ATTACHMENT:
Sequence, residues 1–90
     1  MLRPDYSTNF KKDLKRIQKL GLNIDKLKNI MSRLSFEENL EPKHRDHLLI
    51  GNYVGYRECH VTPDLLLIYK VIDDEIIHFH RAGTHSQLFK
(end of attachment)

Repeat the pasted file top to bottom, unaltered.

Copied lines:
Sequence, residues 1–90
     1  MLRPDYSTNF KKDLKRIQKL GLNIDKLKNI MSRLSFEENL EPKHRDHLLI
    51  GNYVGYRECH VTPDLLLIYK VIDDEIIHFH RAGTHSQLFK